“God gave you a gift of 86400 seconds today. Have you used one to say thank you?” – William Arthur Ward
Stress is our body’s natural response to change – be that good or bad. Positive stress or eustress brings us joy and is usually the least of our concerns. Unforeseen setbacks trigger negative stress or distress. We consider it as toxic and want to get rid of it.
Gratitude: A Natural Detox
Robert Emmons, a well-known mental health specialist, conducted several studies on stress and health which indicated that gratitude effectively releases stress hormones and increase positive emotions like happiness. Commitment to daily gratitude practice reduces an array of negative emotions and is a natural stress detox for the mind and body.
Studies have indicated that people who feel more grateful to Him, are healthier and stress resilient in life (Krause, 2006). An experiment conducted on three groups of individuals, each team representing a particular age-group, revealed that older men and women felt more grateful to God for their lives, and scored a high stress-tolerance index than others.
Pause. Breathe. And appreciate
Gratitude is not a quick heal or an immediate relief for stress. Practicing gratitude doesn’t mean that we will be ever happy and delighted. Gratitude asks us to accept that we are sad and focus on how to reduce it. We don’t expect miracles when we write a gratitude journal; we just get a closer view of the right things that still exist in life. The benefits of gratitude journaling are multifarious. By being more grateful in the inside and expressing it on the outside, we gain the power to combat and cope with the stress.
A Look at Depression and Gratitude
“It is impossible to feel depressed and grateful at the same moment” – Naomi Williams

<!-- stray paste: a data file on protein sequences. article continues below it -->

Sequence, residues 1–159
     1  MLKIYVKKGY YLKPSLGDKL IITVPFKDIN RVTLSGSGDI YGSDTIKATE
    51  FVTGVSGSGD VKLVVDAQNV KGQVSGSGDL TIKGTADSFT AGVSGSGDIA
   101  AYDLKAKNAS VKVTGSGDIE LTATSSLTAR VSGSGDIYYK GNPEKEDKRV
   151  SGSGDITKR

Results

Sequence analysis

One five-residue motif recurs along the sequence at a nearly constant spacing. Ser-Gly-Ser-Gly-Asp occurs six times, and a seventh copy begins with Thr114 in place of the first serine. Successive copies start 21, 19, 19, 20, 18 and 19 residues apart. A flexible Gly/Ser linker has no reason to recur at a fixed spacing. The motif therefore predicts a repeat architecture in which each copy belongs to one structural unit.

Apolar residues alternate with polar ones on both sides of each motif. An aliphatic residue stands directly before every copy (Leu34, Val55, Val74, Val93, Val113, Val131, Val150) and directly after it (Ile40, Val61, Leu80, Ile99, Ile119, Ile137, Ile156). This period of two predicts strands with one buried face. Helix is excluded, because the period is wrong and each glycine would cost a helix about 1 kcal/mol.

Dr. John Medina, in his bestseller project ‘Brain Rules’ mentioned how gratitude could be an eyeopener in low times. He indicated that by looking around and acknowledging the support that we have right now, we can successfully shift focus from our burdens to the blessings we have.
Depression has a psychological and a neurochemical base – both of which can be addressed by gratitude. By displacing our attention from problems to solutions, gratitude practices hit the serotonin, dopamine, and oxytocin – neurotransmitters that make us feel good. With the surge of these chemicals in the brain, the apathy gets curbed away, and we revive the motivation that depression had sucked away.
Gratitude and appreciation is entwined with numerous benefits including enhanced mood and self-esteem (Killen & Macaskill, 2015). Gratitude as an intervention for treating depression is convenient, less time-consuming, less expensive, and useful for the long-term (Mills et al., 2015).
Gratitude exercises for dealing with depression
Sansone and Sansone (2010), has suggested three gratitude practices that work best with depression and grief
1. Gratitude Journal
As mentioned earlier, keeping a journal where you write about all the people and things in life you are grateful for, can make a remarkable difference in your mental state. We know how a gratitude journal looks like. Here are some tips on how to prepare and maintain one (Emmons, 2011):
Commit to daily practice.
Set aside some time (for example early in the morning or right before bedtime) and journal your gratitude the same time everyday.